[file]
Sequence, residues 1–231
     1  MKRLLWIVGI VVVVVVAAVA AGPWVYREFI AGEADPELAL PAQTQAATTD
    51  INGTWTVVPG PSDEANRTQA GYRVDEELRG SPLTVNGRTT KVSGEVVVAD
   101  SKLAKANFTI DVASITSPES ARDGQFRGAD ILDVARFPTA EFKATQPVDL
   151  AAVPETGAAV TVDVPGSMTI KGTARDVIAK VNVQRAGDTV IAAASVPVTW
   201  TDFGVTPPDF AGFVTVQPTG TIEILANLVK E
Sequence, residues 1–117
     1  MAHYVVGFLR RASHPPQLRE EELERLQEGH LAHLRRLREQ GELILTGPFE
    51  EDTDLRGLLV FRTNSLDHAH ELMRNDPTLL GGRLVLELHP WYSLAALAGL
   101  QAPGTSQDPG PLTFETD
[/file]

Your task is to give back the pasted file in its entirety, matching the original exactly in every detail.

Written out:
Sequence, residues 1–231
     1  MKRLLWIVGI VVVVVVAAVA AGPWVYREFI AGEADPELAL PAQTQAATTD
    51  INGTWTVVPG PSDEANRTQA GYRVDEELRG SPLTVNGRTT KVSGEVVVAD
   101  SKLAKANFTI DVASITSPES ARDGQFRGAD ILDVARFPTA EFKATQPVDL
   151  AAVPETGAAV TVDVPGSMTI KGTARDVIAK VNVQRAGDTV IAAASVPVTW
   201  TDFGVTPPDF AGFVTVQPTG TIEILANLVK E
Sequence, residues 1–117
     1  MAHYVVGFLR RASHPPQLRE EELERLQEGH LAHLRRLREQ GELILTGPFE
    51  EDTDLRGLLV FRTNSLDHAH ELMRNDPTLL GGRLVLELHP WYSLAALAGL
   101  QAPGTSQDPG PLTFETD